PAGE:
In a series of court papers in Delaware, the new CEO of FTX, John J. Ray III, criticised Sam Bankman-Fried, for extraordinary mismanagement.
Ray, who has overseen financial catastrophes such as Enron in the past, chastised top management’ lack of expertise and the use of corporate assets to acquire real estate in the Bahamas.
In a court declaration filed on Thursday, Ray stated that he had never witnessed such a total collapse of corporate controls and a complete absence of trustworthy financial information. This situation was exceptional as a relatively small group of inexperienced, naive, and potentially corrupted persons had full control.
Ray seeks to unravel a tangled web of hundreds of organisations that have disregarded corporate standards.
FTX did not maintain sufficient books and records or security controls” for its digital assets, used insecure shared email accounts to access secret keys, and couldn’t furnish a list of its employees as of November 11 to this day, he claimed.
Additionally, Ray criticised the use of software to conceal the misuse of corporate funds, the failure to reconcile blockchain positions daily, and the lack of independent governance between Alameda and FTX – all of which led to the demise of the empire.
In the Bahamas, FTX Group company funds were used to acquire mansions and other personal things for workers and advisers, and assets were handed to personnel without documentation that they had to repay a loan.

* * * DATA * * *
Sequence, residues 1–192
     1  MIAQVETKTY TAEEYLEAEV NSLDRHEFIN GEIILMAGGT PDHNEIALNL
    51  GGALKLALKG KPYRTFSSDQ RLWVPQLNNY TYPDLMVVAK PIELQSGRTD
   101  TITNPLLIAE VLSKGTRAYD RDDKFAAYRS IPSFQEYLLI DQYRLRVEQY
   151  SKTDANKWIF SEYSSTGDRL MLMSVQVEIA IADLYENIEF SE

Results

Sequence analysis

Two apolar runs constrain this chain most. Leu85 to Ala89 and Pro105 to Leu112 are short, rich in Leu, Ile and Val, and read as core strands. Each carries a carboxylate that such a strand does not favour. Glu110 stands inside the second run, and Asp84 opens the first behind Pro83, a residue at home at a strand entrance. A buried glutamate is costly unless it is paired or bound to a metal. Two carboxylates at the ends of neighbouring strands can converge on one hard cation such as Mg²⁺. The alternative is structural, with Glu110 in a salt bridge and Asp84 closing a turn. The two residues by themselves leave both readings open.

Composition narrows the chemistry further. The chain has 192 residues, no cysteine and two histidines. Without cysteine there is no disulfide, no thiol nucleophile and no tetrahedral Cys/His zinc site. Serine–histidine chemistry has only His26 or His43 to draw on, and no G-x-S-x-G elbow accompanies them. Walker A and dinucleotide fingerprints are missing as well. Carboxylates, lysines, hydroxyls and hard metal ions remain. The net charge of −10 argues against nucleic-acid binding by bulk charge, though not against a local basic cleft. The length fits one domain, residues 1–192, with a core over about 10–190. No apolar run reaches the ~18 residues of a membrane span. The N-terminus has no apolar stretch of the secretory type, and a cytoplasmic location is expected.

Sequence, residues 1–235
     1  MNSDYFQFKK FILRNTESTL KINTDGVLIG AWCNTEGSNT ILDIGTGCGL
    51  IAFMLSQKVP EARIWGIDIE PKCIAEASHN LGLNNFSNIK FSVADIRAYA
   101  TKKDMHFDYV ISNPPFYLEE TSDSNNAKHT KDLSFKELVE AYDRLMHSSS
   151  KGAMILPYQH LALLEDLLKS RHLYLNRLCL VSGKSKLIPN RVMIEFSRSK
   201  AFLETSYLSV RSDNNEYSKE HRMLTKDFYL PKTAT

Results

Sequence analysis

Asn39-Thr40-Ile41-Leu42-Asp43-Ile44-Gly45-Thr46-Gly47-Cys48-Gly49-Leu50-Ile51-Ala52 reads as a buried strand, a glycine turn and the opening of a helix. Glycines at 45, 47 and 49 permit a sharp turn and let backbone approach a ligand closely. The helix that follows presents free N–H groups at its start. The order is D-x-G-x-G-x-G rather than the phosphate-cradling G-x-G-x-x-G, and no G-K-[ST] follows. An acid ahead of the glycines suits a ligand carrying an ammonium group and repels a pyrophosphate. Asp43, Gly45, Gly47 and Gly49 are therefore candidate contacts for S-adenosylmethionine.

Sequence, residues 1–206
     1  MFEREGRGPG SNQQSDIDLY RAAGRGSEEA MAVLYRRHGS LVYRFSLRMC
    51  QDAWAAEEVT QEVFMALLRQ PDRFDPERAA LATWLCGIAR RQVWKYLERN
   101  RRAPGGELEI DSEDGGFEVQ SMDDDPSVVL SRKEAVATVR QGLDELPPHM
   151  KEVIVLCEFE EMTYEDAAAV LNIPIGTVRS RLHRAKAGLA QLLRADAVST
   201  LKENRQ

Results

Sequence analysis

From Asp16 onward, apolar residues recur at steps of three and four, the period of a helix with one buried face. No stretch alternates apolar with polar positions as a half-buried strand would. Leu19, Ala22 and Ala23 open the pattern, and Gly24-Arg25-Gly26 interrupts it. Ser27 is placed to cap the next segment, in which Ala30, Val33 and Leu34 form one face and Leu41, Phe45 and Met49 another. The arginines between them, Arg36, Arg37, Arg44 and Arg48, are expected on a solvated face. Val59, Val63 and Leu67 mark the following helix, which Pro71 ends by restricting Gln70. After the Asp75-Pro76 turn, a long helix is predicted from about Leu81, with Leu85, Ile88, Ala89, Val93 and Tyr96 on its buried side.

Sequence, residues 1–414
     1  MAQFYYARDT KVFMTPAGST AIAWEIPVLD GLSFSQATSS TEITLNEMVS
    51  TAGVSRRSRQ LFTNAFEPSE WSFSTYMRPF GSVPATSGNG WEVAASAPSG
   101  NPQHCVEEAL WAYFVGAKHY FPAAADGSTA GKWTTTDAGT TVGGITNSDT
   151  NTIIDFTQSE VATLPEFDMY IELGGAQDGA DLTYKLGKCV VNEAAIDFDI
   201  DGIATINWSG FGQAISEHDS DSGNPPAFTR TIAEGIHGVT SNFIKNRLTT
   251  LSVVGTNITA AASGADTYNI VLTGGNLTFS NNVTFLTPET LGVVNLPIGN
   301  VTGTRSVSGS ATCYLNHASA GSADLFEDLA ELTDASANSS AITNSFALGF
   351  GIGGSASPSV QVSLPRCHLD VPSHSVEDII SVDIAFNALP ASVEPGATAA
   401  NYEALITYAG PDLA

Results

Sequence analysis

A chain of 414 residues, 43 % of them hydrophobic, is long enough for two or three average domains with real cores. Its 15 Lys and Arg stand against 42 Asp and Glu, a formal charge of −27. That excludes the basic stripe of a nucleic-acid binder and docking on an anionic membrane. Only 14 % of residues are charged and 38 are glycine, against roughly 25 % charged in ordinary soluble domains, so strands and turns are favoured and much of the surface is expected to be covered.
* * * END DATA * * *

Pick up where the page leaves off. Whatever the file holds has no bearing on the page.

Those hoping to salvage something from the complicated network of dozens of entities are currently embroiled in a convoluted jurisdictional struggle.
Liquidators from the Bahamas contended that the firm was managed from there and that the U.S. side of the affairs should be treated as a subsidiary matter in a New York court under Chapter 15, another provision of the U.S. bankruptcy code that addresses cross-border failures.
A subsequent statement on behalf of what remains of FTX Trading, the Antiguan business that filed for bankruptcy in the U.S., stated that having two bankruptcy courts address similar problems makes no sense. It would likely result in contradictory viewpoints, duplication of efforts, and wasteful expenditures.
“In terms of the celebrity of Mr Bankman-Fried, his unconventional leadership style, his incessant and disruptive tweeting since the Petition Date, and the almost complete lack of dependable corporate records, these Chapter 11 Cases are unprecedented.”